13 years later I realize that I was in such profound shock that I don’t remember everything that happened as it was happening. Nicolas had open heart surgery about three weeks earlier. We had a cardiac nurse helping us. I was still processing all of that.
My husband called and said “there’s something going on at the Trade Center.” I turned on the TV and at first thought it was an accident. Then it happened so fast I went into shock and don’t remember what happened as I was struggling to process it. My nurse flipped out and ran to her child’s school to pick her up. The agency called to see if I was going to be okay without a nurse. I was glued to the TV but sent the kids out.
I worked in Tower 2 in the late 80’s and in the financial district for around five years. Many times I snuck into my boss’s window office to look out over the harbor and sometimes I looked down. It made me queasy. I can’t imagine what it must have been like to have no choice but to jump.
I saw a fireman I knew on TV, covered in ash telling his family that he was OK. My husband is a retired NYTPD officer. Some of his friends worked at Ground Zero afterwards and told him what they saw. One died about two years ago from getting sick working there. I still can’t believe 343 firefighters lost their lives. All those funerals and families.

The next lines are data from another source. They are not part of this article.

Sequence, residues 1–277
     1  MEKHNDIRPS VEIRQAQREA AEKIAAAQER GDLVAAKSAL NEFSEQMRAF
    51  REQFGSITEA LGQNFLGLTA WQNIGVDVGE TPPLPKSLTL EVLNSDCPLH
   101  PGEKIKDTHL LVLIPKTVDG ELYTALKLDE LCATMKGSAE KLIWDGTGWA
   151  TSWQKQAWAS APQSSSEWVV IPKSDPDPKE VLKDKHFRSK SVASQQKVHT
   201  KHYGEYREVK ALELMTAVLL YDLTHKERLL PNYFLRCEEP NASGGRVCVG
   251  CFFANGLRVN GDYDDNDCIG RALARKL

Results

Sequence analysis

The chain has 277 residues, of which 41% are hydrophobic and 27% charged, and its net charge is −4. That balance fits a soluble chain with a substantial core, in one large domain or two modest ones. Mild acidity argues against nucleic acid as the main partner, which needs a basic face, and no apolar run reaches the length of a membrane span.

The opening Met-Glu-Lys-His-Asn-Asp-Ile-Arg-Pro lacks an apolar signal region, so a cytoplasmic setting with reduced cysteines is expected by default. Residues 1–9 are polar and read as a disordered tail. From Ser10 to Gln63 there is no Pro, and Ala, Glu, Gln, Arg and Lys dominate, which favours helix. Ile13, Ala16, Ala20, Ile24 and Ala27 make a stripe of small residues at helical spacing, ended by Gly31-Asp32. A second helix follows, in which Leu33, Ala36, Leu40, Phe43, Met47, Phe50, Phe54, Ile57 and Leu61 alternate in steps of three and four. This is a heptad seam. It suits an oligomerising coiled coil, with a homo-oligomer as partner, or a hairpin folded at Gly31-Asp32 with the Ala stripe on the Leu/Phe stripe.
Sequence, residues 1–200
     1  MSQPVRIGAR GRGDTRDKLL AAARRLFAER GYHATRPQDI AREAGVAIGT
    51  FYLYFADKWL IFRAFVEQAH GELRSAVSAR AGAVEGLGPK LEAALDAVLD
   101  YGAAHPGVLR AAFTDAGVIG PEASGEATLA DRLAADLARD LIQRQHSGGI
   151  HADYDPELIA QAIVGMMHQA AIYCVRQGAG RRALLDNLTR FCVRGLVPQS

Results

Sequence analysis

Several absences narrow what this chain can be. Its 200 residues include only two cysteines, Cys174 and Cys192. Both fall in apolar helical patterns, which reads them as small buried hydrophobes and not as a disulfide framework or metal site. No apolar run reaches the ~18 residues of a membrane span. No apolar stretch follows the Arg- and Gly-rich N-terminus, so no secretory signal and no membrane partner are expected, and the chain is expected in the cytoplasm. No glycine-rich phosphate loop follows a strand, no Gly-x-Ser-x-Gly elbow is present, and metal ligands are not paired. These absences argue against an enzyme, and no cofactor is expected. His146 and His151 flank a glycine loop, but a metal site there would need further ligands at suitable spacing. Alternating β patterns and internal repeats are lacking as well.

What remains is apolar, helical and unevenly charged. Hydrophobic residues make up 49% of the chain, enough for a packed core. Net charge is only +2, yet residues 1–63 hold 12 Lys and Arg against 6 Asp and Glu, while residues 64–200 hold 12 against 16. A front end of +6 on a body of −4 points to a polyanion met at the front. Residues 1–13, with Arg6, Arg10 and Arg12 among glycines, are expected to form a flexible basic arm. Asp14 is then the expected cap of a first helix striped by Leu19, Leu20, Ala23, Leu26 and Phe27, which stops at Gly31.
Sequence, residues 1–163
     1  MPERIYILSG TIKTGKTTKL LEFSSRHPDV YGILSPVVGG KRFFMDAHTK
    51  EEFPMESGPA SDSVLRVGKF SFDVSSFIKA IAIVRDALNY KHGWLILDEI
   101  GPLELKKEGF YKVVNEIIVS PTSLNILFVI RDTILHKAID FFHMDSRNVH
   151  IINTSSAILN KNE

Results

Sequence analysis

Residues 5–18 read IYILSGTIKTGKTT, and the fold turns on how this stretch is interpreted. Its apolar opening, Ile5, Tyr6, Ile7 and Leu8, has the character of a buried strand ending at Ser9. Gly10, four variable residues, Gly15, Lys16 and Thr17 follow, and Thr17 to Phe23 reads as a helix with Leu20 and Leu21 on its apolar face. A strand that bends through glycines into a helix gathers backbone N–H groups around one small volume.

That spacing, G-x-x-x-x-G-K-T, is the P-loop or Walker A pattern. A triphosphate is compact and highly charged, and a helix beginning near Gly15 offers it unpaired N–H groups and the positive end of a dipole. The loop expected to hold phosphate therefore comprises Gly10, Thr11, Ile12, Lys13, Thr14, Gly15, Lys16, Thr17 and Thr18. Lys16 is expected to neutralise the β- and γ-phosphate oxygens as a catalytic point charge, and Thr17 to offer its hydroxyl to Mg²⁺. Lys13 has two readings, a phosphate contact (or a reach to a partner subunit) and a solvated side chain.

I was waking up in the middle of the night for weeks seeing the image of the tower collapsing.
I did have one friend who got out. Months later I was finally able to read through the list of victims.
While I don’t agree with everything George W. Bush has done I’m glad he was our President at that time. And I was never prouder to be a New Yorker than when I watched the first Yankee game after 9/11. Or when Rudy Guliani responded to David Letterman’s question “Is it okay to be funny yet?” with “Why start now?”
Life has gone on since 2001 but I pray we will always remember 9/11 and give it the honor and respect it deserves. Those who forget the past are destined to repeat it.